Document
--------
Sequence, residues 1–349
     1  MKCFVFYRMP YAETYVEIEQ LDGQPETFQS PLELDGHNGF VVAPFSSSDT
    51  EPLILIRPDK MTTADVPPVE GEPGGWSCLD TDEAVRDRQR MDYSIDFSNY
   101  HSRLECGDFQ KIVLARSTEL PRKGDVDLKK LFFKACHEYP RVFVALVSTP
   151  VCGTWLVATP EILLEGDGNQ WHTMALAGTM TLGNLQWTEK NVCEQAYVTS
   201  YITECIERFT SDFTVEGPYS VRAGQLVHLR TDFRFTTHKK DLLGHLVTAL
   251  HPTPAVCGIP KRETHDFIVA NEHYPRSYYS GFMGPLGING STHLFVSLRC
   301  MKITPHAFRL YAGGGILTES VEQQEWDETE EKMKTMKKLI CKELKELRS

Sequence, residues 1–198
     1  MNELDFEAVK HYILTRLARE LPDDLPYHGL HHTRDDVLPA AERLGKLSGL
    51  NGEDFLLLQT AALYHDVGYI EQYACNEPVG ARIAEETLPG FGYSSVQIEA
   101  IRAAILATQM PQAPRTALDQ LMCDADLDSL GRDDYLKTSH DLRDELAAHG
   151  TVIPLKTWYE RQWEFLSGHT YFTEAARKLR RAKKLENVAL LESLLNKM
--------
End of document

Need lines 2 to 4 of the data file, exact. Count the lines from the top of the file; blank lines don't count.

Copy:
     1  MKCFVFYRMP YAETYVEIEQ LDGQPETFQS PLELDGHNGF VVAPFSSSDT
    51  EPLILIRPDK MTTADVPPVE GEPGGWSCLD TDEAVRDRQR MDYSIDFSNY
   101  HSRLECGDFQ KIVLARSTEL PRKGDVDLKK LFFKACHEYP RVFVALVSTP